4. Sharing

During the exciting run-up to Super Bowl LVI, the Bengals’ leaders, coaches, and players consistently reinforced how the team’s locker room cohesion and relationship-building would seed the winning mindset and culture to carry them through the season:

  • Receiver Tyler Boyd told Fox Sports: “[Guys are] not caring about their individual stats. Guys are not selfish. That’s what’s driving this team.”
  • Joe Burrow echoed that this level of bonding and chemistry doesn’t exist without active effort, robust communication, and trust: “It’s something we worked really hard at – creating relationships in the locker room. One it’s a rare thing. And two, it’s one of the top reasons that we’re in the position we’re in.”
  • These quotes are supported by stories of team and position group dinners, cigar celebrations, an infectious positive vibe, and the team’s performance both on and off the field.

Similarly, organizations must put community and collaboration at the center of the effort to build a strong, data-driven culture and becoming data champions. Data initiatives don’t have final delivery dates or mission-accomplished banners. As with a football season, data initiatives are dynamic and require continuous effort and attention to achieve success. Maintaining momentum requires creating a culture where everyone supports and encourages one another to be data-driven. Like with the Bengals, this can arise organically as people unite behind the desire to win. Organizations can further solidify a strong data community by providing tools for internal communication, scheduled time for office hours, training, team interest groups, and events that bring employees together with the internal and external data community.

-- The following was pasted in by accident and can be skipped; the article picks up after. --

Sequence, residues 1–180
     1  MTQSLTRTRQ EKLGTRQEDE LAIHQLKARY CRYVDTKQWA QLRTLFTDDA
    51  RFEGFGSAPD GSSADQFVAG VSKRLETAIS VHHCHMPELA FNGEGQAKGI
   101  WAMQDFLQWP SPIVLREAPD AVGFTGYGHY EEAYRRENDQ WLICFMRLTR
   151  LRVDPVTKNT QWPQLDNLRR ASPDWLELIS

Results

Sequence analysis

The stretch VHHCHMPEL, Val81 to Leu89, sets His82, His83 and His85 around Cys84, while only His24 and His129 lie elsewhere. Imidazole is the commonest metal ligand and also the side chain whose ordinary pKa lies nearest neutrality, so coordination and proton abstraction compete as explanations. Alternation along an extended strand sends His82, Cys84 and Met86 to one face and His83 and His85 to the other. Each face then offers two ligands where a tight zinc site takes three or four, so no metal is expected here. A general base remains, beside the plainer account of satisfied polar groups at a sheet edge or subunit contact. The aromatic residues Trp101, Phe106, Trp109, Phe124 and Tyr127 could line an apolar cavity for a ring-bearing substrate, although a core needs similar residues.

5. Commitment

A little over a week after the Super Bowl and still recovering from a knee sprain, Joe Burrow was back in the gym – demonstrating his commitment to his team and the winning culture they built. Bengals owner, Mike Brown, extended the contract of his young coach Zac Taylor, and pledged to make further investments to keep the Bengals’ newfound success and winning culture intact. In the same way, your organization’s commitment to being data-driven has to be both top-down and bottom-up. Your leadership cannot stop with approving an investment in data and hosting an inspiring kickoff. Rather, leaders need to actually use data to make decisions and require their direct reports to do the same. Demonstrating a commitment to using data provides the momentum and support for the rest of the organization to start winning with data. At any given snapshot of time, football champions and data champions sometimes make it look easy. However, changing culture is never easy. Peter Drucker famously said, “Culture eats strategy for breakfast.” Focusing on the five pillars discussed here – talent, trust, mindset, sharing, and commitment – will help increase your chances of success. Just like in the game of football, the transformation into a championship data organization is a marathon, not a sprint.  The good news is that, just like with Joe Burrow’s off-season workouts, you can get started today. From a lifelong Cincinnati resident and Bengals fan, and from all of CoStrategix – congratulations to the 2021 AFC Champion Cincinnati Bengals! We all look forward to watching you again in 2022! Who-Dey!

If your organization is looking to become more data-driven, contact us at CoStrategix about a Data Strategy Workshop or our Applied Data Quality and Governance services.